Back in my twenties, I dated a medical resident.
“I think I have Alzheimers,” he announced one lazy Sunday morning.
“You’re crazy,” I responded as I curled tighter into the corner of his tattered green sofa and grabbed the Style Section of the Times.
“No, seriously, look!” He held out his trembling hand as evidence. “See?”
“I’m pretty sure that has more to do with that triple espresso you’re sucking down. And maybe, like, you should take a break from studying neurology stuff?”
Doctors-in-training always self-diagnose. It’s inevitable. Spend twenty-four hours a day learning about illnesses and disorders and eventually you start thinking you have them, all of them. A headache is no longer a headache, an itch no longer an itch. While I’ve never studied medicine, I’m guilty of a similar indulgence. Officially halfway through the pursuit of an MFA in Creative Writing, I find myself constantly providing alternate endings for real life scenarios.
“Is Philadelphia home?” I say to the guy next to me, the plane rolling toward the gate.
“No, Ithaca. School. You?”
“Home, though I’m just coming back from school stuff in Ireland. What’re you studying?” I ask as I shove my book into my backpack.
“Cornell, nice. Great program, though, I mean, it isn’t Penn.”
He laughs. I grin, noticing the color of his eyes (green), the angle of his jaw (sharp). The collar of his polo is curled under, the top two buttons undone. Just as I eye his watch, athletic and simple, he collects his things and steps into the aisle. But I don’t move fast enough and get left behind, travelers filling the space between us. The distance widens as I settle my backpack on my shoulders, follow the stream of people. And when I reach the jet-way, he is there, waiting.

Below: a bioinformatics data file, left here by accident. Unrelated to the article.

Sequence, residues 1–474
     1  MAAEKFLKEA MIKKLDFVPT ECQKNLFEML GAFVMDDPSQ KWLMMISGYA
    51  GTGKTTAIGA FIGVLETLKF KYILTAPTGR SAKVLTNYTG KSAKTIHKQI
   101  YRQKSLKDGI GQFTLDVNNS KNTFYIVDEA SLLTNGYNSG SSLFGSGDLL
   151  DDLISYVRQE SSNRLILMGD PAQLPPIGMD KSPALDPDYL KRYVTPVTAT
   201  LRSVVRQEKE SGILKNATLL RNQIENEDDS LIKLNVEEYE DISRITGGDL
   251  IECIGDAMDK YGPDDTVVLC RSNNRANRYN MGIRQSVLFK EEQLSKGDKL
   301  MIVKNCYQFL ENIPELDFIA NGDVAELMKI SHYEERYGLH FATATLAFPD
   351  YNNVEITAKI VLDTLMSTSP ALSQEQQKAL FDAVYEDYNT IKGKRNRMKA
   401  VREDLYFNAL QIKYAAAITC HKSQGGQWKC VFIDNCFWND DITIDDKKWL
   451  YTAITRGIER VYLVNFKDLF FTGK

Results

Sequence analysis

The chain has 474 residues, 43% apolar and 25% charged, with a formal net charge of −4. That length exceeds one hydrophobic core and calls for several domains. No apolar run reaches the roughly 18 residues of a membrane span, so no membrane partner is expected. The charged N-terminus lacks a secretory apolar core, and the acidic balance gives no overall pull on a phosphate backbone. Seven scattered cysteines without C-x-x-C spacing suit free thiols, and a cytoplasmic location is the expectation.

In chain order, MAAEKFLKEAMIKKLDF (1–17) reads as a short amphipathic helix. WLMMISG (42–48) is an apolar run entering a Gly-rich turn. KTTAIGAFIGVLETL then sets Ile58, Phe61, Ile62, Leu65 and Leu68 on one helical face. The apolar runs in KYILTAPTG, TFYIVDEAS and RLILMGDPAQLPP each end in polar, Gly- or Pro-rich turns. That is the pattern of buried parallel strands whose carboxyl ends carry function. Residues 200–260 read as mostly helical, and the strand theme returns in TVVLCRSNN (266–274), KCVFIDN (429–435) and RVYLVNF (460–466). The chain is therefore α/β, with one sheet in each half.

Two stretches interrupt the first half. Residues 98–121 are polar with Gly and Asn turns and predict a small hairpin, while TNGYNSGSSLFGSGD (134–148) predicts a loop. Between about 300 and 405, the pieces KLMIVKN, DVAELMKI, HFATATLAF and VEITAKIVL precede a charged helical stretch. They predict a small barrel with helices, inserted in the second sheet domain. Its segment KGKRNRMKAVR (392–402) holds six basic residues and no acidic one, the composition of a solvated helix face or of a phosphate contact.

“So what are you in school for?” He starts walking only once I am even with him.
“MFA in Creative writing. What animals are you interested in?”
“Larger ones, mostly alpaca. Was in Ireland for a conference.”
“You know, I could kill myself for sleeping so much during that flight. It would have been way more fun getting to know you,” I joke as we pass through customs.
“I know, what the heck were you thinking?”
When we reach baggage claim, he glances down at his carry-on suitcase and I look over at the luggage shooting onto the carousel.
“I didn’t check anything,” he says, his voice quiet and hesitant.
We stand there, silent for a few moments. Arrival announcements echo off the tall gray walls. Then he speaks.
“It was really nice meeting you,” he says extending his hand.
“Likewise,” I respond, offering mine back.
I smile, wondering if it would be too forward to reach into my wallet and present a business card. But before I make up my mind, before I muster the courage, he curls his fingers around the handle of his suitcase.
“Safe travels back to Ithaca,” I offer.
“Thanks, and welcome home.”
And with that he tilts his bag onto its wheels and continues on his way, looking back once before disappearing out of view.
Standing at my assigned carousel, luggage dropping onto the belt and passengers impatiently awaiting their bags, I drift off on all of the other ways I could end this sweet little story.